Silks produced by silkworms (e.g., Bombyx mori) and orb-web weaving spiders (e.g., Nephila clavipes) are essentially pure protein, that is, complexes of amino acid polymers. They are the most common fibers spun by biological systems. There has been a long-standing interest in the use of these and similar fibers in textiles, cables, fiber reinforcement in composites, in addition, for example, to cross hairs in optical instruments, and fishing nets. Both nylon, a homo-polymer of the amino acid glycine, and Kevlar, a polymer of a nonnatural aromatic amino acid, can be considered modified, synthetic versions of silk and are used for some of the applications mentioned above. The potential for genetic manipulation, through recombinant DNA technology, of the natural biosynthetic process for these natural proteins (see the article by Cappello in this issue) has renewed interest in the production of new silklike proteins.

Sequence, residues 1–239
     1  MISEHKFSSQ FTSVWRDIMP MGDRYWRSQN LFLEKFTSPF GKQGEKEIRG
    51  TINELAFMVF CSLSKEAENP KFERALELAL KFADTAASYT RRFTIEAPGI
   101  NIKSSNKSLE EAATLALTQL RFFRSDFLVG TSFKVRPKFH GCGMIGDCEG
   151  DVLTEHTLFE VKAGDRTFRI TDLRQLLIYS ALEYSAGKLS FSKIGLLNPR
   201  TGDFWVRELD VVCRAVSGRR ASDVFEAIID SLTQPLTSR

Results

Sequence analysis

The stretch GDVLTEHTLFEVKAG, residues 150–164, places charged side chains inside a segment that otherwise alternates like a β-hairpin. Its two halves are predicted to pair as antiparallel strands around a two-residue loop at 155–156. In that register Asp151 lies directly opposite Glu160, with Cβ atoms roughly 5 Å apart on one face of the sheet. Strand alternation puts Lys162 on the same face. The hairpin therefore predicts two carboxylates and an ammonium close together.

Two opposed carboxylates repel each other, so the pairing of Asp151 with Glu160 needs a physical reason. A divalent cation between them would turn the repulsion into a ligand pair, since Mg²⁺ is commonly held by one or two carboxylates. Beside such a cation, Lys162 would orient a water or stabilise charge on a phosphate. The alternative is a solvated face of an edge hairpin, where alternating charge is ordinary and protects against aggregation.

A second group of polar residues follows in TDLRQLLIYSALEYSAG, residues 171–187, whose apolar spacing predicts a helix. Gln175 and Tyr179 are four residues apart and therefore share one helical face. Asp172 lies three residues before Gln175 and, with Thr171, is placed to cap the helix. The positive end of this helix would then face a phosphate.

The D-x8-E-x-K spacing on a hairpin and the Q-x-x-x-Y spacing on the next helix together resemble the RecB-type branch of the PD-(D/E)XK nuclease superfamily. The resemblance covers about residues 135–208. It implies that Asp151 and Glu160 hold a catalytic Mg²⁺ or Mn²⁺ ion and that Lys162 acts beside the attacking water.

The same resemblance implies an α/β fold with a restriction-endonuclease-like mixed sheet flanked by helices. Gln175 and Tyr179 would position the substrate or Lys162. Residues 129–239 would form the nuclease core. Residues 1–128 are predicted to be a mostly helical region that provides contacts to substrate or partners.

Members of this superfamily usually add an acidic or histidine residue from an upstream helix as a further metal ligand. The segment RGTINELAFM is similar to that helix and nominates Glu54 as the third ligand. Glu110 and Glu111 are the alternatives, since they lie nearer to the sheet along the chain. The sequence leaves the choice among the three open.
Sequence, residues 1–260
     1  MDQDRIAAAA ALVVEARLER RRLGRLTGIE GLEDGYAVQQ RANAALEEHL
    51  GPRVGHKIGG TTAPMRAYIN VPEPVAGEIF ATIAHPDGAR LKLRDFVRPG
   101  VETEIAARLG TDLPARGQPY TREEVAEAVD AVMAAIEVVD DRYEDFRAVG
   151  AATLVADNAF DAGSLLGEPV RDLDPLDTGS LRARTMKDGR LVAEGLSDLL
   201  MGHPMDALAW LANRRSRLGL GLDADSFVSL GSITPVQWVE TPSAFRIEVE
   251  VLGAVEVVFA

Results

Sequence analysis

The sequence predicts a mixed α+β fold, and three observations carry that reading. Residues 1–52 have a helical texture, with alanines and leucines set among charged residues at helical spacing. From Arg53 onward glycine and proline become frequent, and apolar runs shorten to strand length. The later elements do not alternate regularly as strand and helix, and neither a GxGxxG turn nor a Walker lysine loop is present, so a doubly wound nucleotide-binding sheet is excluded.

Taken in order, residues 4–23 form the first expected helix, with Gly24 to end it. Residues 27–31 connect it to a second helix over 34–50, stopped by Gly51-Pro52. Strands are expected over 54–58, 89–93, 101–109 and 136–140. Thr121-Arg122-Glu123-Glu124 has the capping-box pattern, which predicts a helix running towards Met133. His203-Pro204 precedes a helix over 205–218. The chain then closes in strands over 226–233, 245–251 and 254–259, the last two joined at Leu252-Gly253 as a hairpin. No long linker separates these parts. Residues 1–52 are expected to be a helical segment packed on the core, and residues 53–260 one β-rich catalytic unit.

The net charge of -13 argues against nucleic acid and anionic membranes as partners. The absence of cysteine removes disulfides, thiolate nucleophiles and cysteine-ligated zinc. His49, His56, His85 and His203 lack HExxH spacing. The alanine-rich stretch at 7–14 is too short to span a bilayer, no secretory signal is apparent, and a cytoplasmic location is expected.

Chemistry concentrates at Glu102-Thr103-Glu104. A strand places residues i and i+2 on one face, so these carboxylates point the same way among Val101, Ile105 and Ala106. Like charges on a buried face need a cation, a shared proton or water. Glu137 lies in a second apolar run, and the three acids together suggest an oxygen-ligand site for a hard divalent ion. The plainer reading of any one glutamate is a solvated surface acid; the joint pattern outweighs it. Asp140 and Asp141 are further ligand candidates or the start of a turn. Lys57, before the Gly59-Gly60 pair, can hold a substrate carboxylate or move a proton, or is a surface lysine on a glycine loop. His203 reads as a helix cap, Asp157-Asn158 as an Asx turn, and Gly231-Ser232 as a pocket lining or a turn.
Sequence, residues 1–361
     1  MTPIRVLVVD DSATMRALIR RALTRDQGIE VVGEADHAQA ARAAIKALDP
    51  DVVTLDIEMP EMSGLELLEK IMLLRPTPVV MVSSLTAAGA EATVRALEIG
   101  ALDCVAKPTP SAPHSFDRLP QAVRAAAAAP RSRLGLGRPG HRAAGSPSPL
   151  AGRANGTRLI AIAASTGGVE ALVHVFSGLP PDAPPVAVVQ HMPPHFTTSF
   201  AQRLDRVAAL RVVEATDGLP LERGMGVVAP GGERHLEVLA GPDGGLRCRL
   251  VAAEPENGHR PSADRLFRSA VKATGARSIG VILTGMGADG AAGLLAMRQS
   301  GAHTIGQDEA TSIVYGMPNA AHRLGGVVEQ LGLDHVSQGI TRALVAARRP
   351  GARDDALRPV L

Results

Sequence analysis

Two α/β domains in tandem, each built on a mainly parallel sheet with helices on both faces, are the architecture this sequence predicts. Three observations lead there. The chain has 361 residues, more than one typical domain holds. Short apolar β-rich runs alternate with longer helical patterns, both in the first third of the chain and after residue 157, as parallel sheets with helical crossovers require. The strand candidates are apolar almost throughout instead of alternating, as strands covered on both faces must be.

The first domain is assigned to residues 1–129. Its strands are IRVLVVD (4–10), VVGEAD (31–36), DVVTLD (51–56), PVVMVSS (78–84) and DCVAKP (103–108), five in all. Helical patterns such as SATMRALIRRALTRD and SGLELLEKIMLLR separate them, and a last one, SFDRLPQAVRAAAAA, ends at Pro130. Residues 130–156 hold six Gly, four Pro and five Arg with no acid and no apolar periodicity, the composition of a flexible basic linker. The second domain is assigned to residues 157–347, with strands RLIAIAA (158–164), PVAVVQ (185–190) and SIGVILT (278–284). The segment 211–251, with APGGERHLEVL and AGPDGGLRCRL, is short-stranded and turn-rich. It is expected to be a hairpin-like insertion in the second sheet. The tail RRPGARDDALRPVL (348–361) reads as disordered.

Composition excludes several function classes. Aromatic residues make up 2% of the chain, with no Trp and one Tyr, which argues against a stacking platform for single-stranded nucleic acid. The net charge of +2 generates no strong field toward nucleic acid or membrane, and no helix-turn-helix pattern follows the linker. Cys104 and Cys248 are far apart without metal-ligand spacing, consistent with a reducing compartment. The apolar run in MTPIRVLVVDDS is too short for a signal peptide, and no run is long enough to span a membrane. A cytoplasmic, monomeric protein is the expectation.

The natural silks are characterized by a β-sheet secondary structure which is stabilized by interchain hydrogen bonds and intersheet hydrophobic interactions (Figure 1). Silks can be considered block copolymers, with crystalline domains consisting of short side chain monomers (the amino acids glycine, alanine, and serine) interspersed in amorphous domains consisting of bulkier side chain amino acids.
This family of fibers is naturally tailored to perform functions such as catching prey (orb web) or serving as a barrier against environmental challenges (cocoon). The domestic silkworm (B. mori) produces only one type of silk, cocoon silk, at only one stage in its lifecyle, during the fifth larval instar just before molt to the pupa. The silk is produced in modified salivary glands and spun from the mouth.